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Offshoring and occupational specificity of human capital

  • Moritz Ritter

    (Temple University)

I document that workers in newly tradable service occupations possess more occupation-specific human capital and are more highly educated than workers in previously tradable occupations. Motivated by this observation, I develop a dynamic equilibrium model with labor market frictions and specific human capital to study the labor adjustment process after a trade shock. When calibrated to match the increase in U.S. trade between 1990 and 2010, the model suggests that (1) output increases immediately after a trade shock and converges quickly to the steady state; (2) labor market institutions likely play a larger role in the adjustment process than specific human capital; (3) the short run distributional effects are small if the labor market is flexible, even in the presence of specific human capital. (Copyright: Elsevier)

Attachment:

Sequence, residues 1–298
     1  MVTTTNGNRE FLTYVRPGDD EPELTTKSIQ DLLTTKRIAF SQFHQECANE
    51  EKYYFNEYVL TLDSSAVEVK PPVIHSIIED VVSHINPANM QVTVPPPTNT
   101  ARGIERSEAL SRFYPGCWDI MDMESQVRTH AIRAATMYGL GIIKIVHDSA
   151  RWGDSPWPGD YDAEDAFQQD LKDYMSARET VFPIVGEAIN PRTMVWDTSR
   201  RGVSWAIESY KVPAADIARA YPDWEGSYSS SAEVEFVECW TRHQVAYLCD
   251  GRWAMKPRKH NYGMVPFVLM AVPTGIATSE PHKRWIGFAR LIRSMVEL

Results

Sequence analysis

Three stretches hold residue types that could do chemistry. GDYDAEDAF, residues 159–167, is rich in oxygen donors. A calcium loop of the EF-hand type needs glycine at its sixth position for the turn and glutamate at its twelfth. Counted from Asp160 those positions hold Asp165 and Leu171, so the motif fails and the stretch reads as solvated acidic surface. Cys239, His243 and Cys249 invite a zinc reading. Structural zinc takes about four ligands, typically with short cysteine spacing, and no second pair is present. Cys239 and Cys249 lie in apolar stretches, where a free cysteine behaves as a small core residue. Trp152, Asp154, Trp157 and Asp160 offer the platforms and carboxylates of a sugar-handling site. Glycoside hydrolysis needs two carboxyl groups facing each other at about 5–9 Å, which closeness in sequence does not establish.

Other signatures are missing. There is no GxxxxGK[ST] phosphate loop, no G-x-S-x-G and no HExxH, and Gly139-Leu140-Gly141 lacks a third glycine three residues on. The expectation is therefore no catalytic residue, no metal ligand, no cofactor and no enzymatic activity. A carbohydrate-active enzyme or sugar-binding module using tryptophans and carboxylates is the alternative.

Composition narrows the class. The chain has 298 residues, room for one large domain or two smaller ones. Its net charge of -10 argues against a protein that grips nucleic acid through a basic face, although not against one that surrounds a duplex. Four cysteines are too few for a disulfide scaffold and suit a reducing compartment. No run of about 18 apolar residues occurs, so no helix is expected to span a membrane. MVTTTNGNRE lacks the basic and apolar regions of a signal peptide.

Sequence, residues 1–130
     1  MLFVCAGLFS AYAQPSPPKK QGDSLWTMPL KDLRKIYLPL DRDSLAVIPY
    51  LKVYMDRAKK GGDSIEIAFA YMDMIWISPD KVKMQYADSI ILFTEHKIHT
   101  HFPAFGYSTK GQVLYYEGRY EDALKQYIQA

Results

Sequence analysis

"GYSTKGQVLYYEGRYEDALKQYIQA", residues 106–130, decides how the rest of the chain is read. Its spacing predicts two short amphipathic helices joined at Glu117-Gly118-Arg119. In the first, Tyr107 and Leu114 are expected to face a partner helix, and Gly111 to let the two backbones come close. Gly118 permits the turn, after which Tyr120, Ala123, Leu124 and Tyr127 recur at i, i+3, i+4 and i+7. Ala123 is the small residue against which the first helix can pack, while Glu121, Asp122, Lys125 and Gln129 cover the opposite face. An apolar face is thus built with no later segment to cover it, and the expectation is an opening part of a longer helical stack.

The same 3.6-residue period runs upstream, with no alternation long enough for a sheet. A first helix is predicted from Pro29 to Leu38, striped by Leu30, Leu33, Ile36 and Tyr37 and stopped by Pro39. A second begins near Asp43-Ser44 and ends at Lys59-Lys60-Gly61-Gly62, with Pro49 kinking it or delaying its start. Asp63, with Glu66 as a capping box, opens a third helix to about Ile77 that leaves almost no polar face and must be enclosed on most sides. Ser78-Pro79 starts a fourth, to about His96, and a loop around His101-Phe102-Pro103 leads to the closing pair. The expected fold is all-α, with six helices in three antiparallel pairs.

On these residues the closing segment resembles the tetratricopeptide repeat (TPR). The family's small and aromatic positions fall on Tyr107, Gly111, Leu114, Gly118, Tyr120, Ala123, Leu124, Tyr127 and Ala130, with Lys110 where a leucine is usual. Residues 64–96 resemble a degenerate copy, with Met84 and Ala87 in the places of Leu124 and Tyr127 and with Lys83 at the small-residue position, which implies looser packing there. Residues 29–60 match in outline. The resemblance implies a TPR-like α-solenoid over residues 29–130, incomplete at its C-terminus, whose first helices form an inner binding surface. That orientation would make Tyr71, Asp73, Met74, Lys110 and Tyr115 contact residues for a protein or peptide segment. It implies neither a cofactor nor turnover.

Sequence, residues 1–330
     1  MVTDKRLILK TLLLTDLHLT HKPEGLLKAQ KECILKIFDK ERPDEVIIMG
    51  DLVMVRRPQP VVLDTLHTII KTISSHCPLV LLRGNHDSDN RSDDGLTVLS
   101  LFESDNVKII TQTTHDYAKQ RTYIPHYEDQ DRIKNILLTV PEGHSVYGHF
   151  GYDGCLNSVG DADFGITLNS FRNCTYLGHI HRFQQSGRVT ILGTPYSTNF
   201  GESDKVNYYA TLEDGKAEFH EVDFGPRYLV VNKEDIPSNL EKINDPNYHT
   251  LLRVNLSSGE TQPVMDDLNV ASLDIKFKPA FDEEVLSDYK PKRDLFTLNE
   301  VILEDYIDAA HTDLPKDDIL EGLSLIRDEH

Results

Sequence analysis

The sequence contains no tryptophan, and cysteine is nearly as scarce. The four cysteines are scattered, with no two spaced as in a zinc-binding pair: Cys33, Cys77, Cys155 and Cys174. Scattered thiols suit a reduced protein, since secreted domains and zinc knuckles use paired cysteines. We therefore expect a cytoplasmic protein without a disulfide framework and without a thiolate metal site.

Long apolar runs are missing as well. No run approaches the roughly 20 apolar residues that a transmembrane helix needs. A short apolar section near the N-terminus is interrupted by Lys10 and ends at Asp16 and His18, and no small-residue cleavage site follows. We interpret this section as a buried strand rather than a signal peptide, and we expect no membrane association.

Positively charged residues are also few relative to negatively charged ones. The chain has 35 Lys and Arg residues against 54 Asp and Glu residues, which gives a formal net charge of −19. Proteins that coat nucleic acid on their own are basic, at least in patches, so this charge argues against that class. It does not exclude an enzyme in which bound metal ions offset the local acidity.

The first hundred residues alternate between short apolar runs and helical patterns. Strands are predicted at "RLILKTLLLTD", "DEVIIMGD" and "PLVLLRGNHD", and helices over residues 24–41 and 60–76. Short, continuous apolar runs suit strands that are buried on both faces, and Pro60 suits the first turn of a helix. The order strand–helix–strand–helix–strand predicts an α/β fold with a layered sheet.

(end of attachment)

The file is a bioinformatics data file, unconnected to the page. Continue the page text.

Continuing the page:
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Article provided by Elsevier for the Society for Economic Dynamics in its journal Review of Economic Dynamics.

Volume (Year): 17 (2014)
Issue (Month): 4 (October)
Pages: 780-798

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Handle: RePEc:red:issued:11-147
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